Iceland is such an overwhelmingly popular tourist destination, with its low population and dramatic landscape begging to be explored. This means that they are very accommodating when it comes to hotels and hostels. You’ll find plenty of options, whether you’re a solo traveller, a couple, or a family.
Prices range wildly and I find that the best site to give me the widest range of options is Booking.com. With them, you’re guaranteed the biggest selections of hotels and hostels in Iceland. And many hotels allow you the option to book and cancel without charge if a better option comes along later on.
Don’t forget travel insurance
Seriously, don’t ever forget it. Especially when exploring the wilderness of Iceland. It could and will save you. The best travel insurance comes from World Nomads, without a doubt. Their insurance policies are adaptive to your needs, and are amazingly affordable, especially for shorter trips. When I started using them for insurance, I was shocked at how affordable theirs is. Once you buy it, the weight off your mind is really massive.
Iceland packing list
So you’re all booked and insured, but what do you need to take for a successful trip to Iceland? As mentioned, get yourself the best possible quality camera you can, as well as a phone with GPS for if you get waylaid on your road trip. Also wrap up warm (it’s not called Iceland for nothing). I recommend clothes that limit the effects of the wind, and shoes that are completely waterproof. That said, packing sun lotion is always a good idea, especially in summer. Iceland can be unforgiving with its sun at times.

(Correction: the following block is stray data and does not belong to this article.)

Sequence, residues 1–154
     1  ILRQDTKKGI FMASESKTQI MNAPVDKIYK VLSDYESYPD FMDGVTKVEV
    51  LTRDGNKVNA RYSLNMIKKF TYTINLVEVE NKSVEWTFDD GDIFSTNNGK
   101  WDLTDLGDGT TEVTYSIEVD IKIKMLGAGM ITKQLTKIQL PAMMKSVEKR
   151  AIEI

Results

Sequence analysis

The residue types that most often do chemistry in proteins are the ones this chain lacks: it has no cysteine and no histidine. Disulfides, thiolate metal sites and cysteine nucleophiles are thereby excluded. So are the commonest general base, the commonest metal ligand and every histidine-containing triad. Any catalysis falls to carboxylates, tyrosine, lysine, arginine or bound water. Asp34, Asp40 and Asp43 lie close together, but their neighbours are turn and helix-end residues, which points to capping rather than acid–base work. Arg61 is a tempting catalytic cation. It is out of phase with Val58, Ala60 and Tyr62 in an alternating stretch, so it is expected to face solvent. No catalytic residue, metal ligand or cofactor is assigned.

Waterproof and windproof jacket
If you’re going to Iceland in the winter, it’s worth investing in a reliable waterproof jacket. I’ve had my white Helly Hansen snow jacket for almost 10 years, and it’s still just as great. An insulated parka would also do the trick. It just has to be waterproof – not water repellant.
Sturdy waterproof boots
I brought my trusty Salomon hiking boots, which have served me well on hikes in Peru, Slovakia and the Swiss Alps. What I like the most about them is that they’re waterproof and sturdy, which comes in handy when you’re walking on glaciers, icebergs or lava beaches. You know, just another day in Iceland.
Iceland is cold and windy, so you’ll need to pack a pair of ski pants. Not only will they keep you warm, they’re also convenient if you need to sit on the ground (for that perfect photo) or walk close to a waterfall (like Skogafoss).
A warm hat
While the most practical choice would be a balaclava, they’re not really the sexiest, are they. I wore my pom pom hat, which I also use during winter in Denmark. It protected my ears and head, which is all I can ask from a hat. Just make sure it sits fairly tight, so it doesn’t blow off in the wind.
And it should be warm and snug around your neck, so go for a wollen scarf.
Yes, even the gloves need to be waterproof. Otherwise, your hands will be soaked the minute you touch something covered in snow or ice. Make sure to buy a pair of waterproof gloves with touch screen so you can use your iPhone.
Lastly, you’ll need a pair of warm leggings to keep warm with maximum movability. I recommend this pair for women. They’re insulating and affordable.